Vinyl is a thing
I was surprised to come across the following letter to the editor I wrote to the Shepherd Express, Milwaukee’s other newspaper, which I love, inspired by a story on the vinyl resurgence. I was shocked to see the date of the document: August, 2002.
To paraphrase A.J. van den Hul, famous Dutch phonographer, “LP’s
sonically blow CD’s into the damn weeds!” It seems the missing ingredient
in Jason T. Mohr’s otherwise heartwarming piece on local vinyl
consumption is any mention of this widely observed phenomenon.
While many pursue vinyl records for their “crackling,” the size of their
accompanying documentation and artwork, their retro-hipness, their sample-
ability, and their collector cachet, perhaps the most salient feature of the
medium, to many of us, is its superior ability to present the emotional essence of the music
LP’s remain to this day the most available, convenient and portable medium
that represents a legitimate document of the original musical performance.
It’s the most special thing about them, and the prime motivator behind much
of the resurgence of interest.
Reading it now, I am not surprised they didn’t run it. It was a bit too arcane and, I guess, remains so. Here was a writer trying to talk nice about an alternative phenomenon, the stuff that alternative newspapers love to write about. And I was sort of raining on the parade, suggesting that some people, a significant number perhaps, might be liking a thing for how it performs, at its ultimate, when you actually use it for its intended purpose.
Bring it forward now 15 years and I just read in Stereophile that the BBC did a survey of vinyl record buyers. It showed that almost half didn’t plan to play their records and 7% didn’t own a turntable. What, now? No, I don’t have a car. I just like buying tires. It’s fun!
The thing about “vinyl” at its best, still, is that it sounds damn good. As in, brings musicians and their performances into your house, our guiding principle at Ultra Fidelis. Sure, it’s “old fashioned” and difficult, and for the uninitiated conjures up the smell of musty basements and Victrolas, but, if you care for and feed it properly, it works. Incredibly well.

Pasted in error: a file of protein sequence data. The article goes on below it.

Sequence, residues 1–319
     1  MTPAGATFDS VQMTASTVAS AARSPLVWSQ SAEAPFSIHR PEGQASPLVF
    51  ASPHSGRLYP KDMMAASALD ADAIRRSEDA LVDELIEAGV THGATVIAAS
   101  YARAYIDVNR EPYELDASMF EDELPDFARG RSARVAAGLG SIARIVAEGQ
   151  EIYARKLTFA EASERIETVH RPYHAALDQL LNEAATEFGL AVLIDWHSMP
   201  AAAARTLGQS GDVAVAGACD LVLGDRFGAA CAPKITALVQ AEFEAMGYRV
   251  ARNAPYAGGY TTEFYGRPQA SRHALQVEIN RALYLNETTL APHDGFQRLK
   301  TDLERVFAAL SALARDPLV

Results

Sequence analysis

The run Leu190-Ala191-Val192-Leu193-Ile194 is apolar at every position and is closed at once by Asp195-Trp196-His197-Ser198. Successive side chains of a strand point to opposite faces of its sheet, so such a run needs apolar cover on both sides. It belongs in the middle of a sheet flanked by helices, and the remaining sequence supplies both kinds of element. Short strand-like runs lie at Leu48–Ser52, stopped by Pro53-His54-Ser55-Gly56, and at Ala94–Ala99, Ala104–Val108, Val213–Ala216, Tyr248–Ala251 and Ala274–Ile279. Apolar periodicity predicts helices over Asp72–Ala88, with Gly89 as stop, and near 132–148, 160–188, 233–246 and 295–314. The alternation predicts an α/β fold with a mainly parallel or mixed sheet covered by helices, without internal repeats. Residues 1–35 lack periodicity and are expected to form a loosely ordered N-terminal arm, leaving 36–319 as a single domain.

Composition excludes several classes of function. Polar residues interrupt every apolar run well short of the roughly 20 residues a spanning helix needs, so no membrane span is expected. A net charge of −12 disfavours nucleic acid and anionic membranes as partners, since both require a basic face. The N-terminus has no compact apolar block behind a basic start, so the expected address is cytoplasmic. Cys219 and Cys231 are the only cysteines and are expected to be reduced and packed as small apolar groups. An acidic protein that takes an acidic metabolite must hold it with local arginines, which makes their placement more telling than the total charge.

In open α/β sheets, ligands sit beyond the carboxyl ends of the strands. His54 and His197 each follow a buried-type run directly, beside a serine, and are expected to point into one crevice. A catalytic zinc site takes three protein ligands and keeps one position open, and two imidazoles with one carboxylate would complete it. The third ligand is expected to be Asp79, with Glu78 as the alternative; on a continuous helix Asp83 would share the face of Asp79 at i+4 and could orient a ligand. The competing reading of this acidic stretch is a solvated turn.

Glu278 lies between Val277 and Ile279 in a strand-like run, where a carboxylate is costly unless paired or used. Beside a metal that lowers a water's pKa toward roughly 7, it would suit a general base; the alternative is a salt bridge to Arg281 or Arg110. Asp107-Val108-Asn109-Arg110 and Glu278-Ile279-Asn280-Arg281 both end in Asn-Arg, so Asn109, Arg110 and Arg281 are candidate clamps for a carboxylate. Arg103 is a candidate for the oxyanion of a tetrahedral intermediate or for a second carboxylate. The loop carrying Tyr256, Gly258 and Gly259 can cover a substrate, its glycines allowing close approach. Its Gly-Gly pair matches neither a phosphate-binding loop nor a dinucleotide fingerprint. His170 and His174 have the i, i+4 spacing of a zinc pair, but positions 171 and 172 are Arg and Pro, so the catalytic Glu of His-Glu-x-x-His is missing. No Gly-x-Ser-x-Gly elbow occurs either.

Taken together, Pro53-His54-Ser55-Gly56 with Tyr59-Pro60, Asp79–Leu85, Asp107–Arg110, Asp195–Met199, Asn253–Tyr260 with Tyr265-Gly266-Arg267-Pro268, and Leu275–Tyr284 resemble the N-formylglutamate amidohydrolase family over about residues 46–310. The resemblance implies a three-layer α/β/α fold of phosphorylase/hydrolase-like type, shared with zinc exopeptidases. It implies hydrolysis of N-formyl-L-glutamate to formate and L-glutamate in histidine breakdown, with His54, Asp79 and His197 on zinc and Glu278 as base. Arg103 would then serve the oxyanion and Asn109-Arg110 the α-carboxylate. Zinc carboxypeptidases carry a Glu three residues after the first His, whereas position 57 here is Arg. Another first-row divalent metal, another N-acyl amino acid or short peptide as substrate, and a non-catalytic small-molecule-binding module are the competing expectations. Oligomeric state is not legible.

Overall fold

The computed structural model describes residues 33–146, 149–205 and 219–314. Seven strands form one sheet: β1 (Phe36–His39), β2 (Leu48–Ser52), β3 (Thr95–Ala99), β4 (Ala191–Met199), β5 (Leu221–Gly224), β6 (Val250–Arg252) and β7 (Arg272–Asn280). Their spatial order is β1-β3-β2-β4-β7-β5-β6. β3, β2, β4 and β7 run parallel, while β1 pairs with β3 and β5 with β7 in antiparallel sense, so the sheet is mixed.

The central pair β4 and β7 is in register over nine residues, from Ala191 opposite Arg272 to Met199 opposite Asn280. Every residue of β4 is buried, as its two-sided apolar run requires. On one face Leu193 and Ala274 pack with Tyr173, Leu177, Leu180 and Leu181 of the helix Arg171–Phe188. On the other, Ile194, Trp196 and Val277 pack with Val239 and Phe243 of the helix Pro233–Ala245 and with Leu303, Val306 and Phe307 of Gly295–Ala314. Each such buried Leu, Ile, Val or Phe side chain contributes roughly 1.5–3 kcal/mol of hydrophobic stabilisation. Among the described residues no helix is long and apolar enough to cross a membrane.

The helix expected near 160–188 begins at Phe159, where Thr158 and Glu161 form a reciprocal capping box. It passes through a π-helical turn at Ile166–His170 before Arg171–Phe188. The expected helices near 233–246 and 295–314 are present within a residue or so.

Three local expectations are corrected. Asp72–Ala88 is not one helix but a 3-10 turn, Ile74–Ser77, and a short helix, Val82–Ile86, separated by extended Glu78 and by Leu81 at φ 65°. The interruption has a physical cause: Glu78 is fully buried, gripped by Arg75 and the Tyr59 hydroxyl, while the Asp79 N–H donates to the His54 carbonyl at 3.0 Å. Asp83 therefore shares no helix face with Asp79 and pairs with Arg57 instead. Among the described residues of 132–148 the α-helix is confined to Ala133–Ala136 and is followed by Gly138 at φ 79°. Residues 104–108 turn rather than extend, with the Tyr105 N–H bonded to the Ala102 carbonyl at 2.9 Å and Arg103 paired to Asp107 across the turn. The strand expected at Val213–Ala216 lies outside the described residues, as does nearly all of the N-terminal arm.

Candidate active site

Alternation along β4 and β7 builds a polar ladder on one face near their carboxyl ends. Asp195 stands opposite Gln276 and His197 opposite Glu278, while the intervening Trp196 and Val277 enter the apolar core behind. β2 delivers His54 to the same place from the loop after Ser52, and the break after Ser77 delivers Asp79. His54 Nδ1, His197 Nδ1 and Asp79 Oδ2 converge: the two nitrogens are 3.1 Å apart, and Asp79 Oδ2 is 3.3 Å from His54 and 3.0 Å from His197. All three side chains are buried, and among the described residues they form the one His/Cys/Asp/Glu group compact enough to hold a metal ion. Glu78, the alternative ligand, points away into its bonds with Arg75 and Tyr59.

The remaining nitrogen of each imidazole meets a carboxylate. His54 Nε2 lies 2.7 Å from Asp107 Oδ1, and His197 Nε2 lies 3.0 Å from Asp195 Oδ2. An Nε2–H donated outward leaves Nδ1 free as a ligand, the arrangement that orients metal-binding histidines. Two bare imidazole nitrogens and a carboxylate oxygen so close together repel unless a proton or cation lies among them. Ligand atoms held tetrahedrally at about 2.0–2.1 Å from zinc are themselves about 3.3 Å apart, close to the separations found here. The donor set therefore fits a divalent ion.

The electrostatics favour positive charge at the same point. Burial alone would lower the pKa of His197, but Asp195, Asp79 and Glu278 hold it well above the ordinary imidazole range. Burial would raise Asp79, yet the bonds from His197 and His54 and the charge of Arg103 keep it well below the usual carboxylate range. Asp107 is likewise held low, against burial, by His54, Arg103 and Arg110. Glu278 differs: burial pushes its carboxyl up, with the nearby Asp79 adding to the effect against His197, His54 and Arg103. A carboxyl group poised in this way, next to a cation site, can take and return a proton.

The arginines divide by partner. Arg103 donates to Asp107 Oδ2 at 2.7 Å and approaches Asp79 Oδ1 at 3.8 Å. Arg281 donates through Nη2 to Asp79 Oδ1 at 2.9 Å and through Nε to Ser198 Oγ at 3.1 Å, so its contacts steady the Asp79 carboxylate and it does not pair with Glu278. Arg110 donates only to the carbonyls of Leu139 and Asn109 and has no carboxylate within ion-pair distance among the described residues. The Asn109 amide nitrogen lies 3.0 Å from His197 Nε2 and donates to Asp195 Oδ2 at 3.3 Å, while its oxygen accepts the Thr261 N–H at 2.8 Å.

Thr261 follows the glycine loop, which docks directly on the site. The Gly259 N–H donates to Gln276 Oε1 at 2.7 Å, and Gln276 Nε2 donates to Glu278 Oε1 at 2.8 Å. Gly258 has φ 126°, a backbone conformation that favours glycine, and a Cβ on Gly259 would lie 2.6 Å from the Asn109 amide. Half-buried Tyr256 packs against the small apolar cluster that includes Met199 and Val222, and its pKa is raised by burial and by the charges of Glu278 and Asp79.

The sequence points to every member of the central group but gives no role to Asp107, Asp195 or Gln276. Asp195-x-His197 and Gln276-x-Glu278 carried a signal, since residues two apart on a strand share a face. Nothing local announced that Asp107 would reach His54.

This isn’t mere nostalgia, like looking back fondly on those cameras that made race car tires go oblong as they slowly scanned the scene and distorted time. This is manual transmissions, which have yet to be superseded in race cars. Stuff that works is to be celebrated. And USED!
Don’t get me wrong on this. I’m not suggesting that if you have vinyl records, you are done, you’re good. Nor that if you don’t you are doomed. Far from it. As I write, in fact, I am listening to an incredible CD-sourced rip on my Aurender (Pulse! Percussion Works). I love all stuff that works. But what I am saying is that if one more scribe mentions “the crackly sound” of LP records as a reason we fall for them, I’ll lose it. That ain’t it.
In fact, it is the compelling nature of the sound, the sheer realism good vinyl well played is able to conjure in our minds, that makes us able to overlook the foibles. If you don’t have any LP’s, you might consider investigating. And if you do, but they’ve been languishing, dive back in.
Really good sounding turntables start around $500, and the great ones, albeit for more money, are a mind bending sonic experience. You can also make some fairly cost effective improvements to your existing ‘table that will quickly convince you that vinyl records are capable of much more than sustaining a fad. They can fling open the doors to the incredible, almost unlimited world of recorded music and pull you in. Finally, thanks to the fad or not, they are making records again- by the ton. You’ll have no shortage of music, new and old, to explore.